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#148299 - 09/25/05 02:56 PM Have you been Tingoed?  
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Stuart Offline
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I came across this in an article in the Telegraph (UK) this Saturday. I simply HAVE to get this when it hits the shelves! (Penguin Books, ISBN 0140515615 )

===============
You know when you've been Tingoed - just ask an Easter Islander
By Neil Tweedie
(Filed: 24/09/2005)

Ever been disappointed when something turns out better than you expected? Lots of Germans have because they invented a word for it: scheissenbedauern.

Or owned a camel that gives milk only when tickled on the nostrils? Nakhurs, they call them in Iran.

Or dealt with a koshatnik - Russian for a seller of stolen cats?

English prides itself on a wealth of words describing almost the same thing, and the precision it brings. But, as a new book shows, other languages contain words with no direct English equivalent that do the job of whole sentences in the Anglo-Saxon world, and which describe the strangest jobs, emotions and practices.

The Meaning of Tingo by Adam Jacot de Boinod draws its title from the Pascuense language of Easter Island - tingo meaning to borrow objects one by one from a friend's house until nothing is left.

Beware the new neighbour who pops round for a cup of sugar. It could be the start of tingo. Mr Jacot de Boinod stumbled across some of his words while researching for the BBC comedy quiz show QI.

There may be English women who appear better from behind than the front, but only the Japanese have a word for such a looker: bakku-shan.

And in neko-neko the Indonesians have devised a noun for that indispensable member of the office: the person whose creative idea only makes things worse. The Inuit, meanwhile, rely on areodjarekput, the practice of exchanging wives for a few days, to combat the monotony of the long arctic night.

The internet, foreign language dictionaries and even embassies provided the words. "English is brilliant at naturalising foreign words, such as ad hoc or feng shui," said Mr Jacot de Boinod. "I'd like to see some of my favourites from the book in general use."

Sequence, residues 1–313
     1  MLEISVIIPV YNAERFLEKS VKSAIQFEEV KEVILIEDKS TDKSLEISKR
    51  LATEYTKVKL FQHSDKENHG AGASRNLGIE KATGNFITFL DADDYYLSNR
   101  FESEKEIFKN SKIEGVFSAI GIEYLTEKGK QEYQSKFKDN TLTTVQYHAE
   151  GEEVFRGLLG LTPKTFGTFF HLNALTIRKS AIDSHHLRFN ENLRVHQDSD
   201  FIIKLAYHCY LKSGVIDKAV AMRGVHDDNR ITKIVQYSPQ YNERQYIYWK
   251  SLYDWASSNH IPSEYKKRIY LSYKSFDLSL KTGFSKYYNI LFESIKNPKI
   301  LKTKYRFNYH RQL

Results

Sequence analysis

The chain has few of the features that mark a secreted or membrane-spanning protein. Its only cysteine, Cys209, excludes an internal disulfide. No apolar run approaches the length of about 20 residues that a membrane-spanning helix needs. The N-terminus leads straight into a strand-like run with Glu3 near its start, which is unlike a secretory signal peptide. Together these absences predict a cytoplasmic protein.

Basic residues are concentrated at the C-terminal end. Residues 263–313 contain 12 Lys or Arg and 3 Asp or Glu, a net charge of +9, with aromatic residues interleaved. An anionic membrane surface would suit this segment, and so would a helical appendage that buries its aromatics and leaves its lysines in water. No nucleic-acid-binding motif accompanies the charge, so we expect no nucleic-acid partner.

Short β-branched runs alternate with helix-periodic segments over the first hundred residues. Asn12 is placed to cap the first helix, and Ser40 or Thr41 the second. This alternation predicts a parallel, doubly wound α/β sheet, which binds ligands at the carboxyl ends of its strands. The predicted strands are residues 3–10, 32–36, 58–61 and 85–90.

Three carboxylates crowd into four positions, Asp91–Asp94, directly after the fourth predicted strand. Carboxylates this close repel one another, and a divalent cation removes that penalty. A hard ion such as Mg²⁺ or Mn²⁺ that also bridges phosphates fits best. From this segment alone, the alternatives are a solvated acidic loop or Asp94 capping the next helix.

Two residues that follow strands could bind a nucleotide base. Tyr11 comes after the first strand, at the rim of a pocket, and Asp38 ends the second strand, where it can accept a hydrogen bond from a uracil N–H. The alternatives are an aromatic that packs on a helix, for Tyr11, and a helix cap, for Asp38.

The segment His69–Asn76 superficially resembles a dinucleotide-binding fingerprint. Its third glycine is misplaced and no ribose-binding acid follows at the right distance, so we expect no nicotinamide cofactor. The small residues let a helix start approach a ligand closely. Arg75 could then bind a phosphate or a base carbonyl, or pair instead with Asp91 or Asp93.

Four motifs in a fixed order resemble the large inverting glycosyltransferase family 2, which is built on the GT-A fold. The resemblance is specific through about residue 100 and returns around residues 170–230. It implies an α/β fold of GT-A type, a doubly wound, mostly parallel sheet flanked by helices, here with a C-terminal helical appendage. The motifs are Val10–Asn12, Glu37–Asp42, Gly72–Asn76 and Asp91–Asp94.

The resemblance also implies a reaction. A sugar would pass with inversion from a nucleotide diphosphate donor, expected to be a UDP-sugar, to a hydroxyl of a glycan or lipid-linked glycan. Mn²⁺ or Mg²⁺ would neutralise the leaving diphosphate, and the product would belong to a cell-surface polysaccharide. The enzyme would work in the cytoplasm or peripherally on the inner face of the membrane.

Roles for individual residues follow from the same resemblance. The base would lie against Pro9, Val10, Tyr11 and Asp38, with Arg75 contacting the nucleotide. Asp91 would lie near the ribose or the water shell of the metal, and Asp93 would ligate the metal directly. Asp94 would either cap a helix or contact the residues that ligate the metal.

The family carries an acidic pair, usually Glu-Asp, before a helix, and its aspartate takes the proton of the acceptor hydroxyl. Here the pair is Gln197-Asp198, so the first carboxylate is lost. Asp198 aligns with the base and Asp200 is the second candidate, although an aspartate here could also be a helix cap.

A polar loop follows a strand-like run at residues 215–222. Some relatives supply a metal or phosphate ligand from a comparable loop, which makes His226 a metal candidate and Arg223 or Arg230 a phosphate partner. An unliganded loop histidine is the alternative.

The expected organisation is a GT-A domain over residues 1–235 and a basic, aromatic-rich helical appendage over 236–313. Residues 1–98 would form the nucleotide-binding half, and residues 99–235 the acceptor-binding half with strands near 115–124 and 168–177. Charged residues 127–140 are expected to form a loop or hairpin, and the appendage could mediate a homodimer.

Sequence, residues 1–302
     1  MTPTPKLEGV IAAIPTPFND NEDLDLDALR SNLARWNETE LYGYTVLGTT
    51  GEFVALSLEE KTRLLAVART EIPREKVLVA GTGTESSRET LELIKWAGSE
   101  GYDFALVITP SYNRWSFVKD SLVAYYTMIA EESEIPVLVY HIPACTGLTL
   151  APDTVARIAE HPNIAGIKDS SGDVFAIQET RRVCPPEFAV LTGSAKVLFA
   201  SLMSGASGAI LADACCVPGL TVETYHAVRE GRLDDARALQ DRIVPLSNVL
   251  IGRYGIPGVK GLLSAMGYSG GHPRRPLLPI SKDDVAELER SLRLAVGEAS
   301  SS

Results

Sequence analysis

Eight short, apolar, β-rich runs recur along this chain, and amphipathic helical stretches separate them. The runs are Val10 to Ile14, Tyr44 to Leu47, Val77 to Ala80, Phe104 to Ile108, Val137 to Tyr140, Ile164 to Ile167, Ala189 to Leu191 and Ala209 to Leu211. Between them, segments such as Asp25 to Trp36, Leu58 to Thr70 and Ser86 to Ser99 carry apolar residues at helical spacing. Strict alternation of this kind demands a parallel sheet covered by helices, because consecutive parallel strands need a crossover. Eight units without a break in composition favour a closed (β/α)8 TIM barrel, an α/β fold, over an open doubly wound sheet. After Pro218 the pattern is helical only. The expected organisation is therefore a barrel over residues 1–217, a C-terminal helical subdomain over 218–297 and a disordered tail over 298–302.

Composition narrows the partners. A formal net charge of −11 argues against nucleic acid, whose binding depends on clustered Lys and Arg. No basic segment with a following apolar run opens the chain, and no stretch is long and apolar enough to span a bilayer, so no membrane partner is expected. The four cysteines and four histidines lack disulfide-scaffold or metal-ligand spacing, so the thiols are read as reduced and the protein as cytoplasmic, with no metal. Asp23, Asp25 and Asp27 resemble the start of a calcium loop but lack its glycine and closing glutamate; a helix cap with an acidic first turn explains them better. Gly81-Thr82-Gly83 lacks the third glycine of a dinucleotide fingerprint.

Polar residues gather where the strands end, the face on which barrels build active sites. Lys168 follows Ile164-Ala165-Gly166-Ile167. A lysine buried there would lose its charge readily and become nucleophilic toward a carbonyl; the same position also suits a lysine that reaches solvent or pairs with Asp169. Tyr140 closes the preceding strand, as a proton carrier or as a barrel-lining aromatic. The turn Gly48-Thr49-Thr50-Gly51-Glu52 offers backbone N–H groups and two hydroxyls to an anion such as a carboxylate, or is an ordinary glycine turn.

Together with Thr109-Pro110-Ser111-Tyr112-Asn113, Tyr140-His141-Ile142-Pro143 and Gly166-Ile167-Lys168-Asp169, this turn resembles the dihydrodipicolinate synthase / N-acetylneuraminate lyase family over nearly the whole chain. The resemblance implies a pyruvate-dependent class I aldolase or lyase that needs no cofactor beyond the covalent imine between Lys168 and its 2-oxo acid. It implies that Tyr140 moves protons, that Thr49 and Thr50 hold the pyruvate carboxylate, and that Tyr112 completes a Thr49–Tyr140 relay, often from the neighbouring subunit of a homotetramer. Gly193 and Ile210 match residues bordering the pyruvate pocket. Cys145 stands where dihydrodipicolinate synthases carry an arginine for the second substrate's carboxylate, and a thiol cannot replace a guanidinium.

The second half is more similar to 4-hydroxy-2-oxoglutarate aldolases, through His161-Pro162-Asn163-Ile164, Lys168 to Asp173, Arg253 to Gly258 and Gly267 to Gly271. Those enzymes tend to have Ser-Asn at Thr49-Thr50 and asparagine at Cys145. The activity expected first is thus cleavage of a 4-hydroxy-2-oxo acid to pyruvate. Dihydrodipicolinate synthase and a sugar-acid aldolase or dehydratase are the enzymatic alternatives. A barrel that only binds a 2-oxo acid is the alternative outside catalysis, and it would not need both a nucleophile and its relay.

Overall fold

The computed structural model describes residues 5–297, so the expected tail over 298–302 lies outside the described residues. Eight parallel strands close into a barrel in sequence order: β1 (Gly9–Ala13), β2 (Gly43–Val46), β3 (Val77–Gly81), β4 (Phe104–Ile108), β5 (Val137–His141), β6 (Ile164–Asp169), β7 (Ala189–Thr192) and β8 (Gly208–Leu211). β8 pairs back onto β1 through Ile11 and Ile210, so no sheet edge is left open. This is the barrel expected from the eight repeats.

Everyone has heard of the Inuit having dozens or even hundreds of words for snow, but who would suspect the Albanians of having 27 different words for eyebrow, and 27 for moustache.

There are also a number of dubious compliments, including mahj - Persian for looking beautiful after a disease - and the wonderful Italian word for one tanned by sun lamp, slampadato.

The Russians, who excel in the art of misery, offer razbliuto for the feeling one has for a former lover no longer loved.

And it is only natural that the fearsomely industrious Japanese risk karoshi, death from overwork.

Mr Jacot de Boinod said: "A frustration has been finding wonderful words that I have been unable to verify and so had to leave out of the book. Age-otori for example - a Japanese word supposedly meaning 'to look worse after a haircut'.

"Even though I found it on a website the Japanese speakers I consulted didn't think it existed, and I couldn't track it down in any dictionaries. So out it went."

Some other unusual words and their meanings discovered by Mr Jacot de Boinod: marilopotes (Ancient Greek), a gulper of coaldust; cigerci (Turkish), a seller of liver and lungs; madogiwazoku (Japanese), window-gazing office workers with too little to do; seigneur-terrasse (French), a person who spends much time but little money in a cafe; tuji-giri (Japanese), the practice of trying out your new sword on a passer-by; torschlusspanik (German), fear of diminishing opportunities due to advancing age.


#148300 - 09/25/05 03:36 PM Re: Have you been Tingoed?  
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belMarduk Offline